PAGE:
An endocrine disruptor is a chemical that interferes with a hormone’s action. One example is the EDC diethystilbestrol (DES). DES was prescribed to women to control nausea during pregnancy, but, unfortunately, the world later learned that DES interferes with key hormone actions in gestation, and led to serious birth defects.
Should we be concerned about endocrine disruptors?
Yes. Research on endocrine disrupting chemicals (EDCs) is still in the early stages. From what we know so far, EDCs can have long-lasting effects on our bodies and, likely, our children’s, through altering the way our DNA is expressed. For instance, big studies looking a large populations of people have shown a relationship between exposure to certain EDCs and increased weight and higher risk of Type 2 Diabetes. Research in mice has linked exposure to certain EDCs during pregnancy to changes in DNA expression in offspring, favoring the development of fat cells at the expense of bone cells.
What endocrine disruptors are used in household products, especially baby/kids products?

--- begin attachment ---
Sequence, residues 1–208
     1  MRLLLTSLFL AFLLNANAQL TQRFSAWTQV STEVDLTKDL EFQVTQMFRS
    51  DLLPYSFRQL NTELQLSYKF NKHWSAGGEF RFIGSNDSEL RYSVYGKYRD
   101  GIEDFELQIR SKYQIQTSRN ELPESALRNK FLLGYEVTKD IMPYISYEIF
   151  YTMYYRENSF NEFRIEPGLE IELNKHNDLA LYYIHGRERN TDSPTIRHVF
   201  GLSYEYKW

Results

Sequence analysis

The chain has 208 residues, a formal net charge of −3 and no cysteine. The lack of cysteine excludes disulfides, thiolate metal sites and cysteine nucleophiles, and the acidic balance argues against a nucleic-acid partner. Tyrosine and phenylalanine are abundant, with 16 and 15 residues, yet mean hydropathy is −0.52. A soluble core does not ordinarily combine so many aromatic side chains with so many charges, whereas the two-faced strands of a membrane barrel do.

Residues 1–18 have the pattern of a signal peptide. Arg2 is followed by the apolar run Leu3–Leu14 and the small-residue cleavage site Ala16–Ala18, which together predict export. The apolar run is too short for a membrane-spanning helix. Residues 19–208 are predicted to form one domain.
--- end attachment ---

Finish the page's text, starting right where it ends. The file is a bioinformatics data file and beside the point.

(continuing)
Check product labels for:
- Phthalates or bis-2-ethylhexyl phthalate (DEHP)
- Bisphenol A (BPA)- used in many plastics and containers
- Parabens- used as a preservative
- Polybrominated diphenyl ethers (PBDEs)- found in fire retardants. PBDEs can affect thyroid hormone functioning and has been detected in breastmilk.
There are many more EDCs, & many are still undiscovered. The World Health Organization has more information.
How can we reduce exposure to endocrine disruptors?
- Wash produce
- Buy organic food
- Avoid parabens and phthalates, often found in lotions, sunscreens, & synthetic fragrances
- Avoid added sugars, especially high fructose corn syrup
- Limit food additives like artificial sweeteners, phytoestrogens, and preservatives
- Avoid vinyl pillow and mattress protectors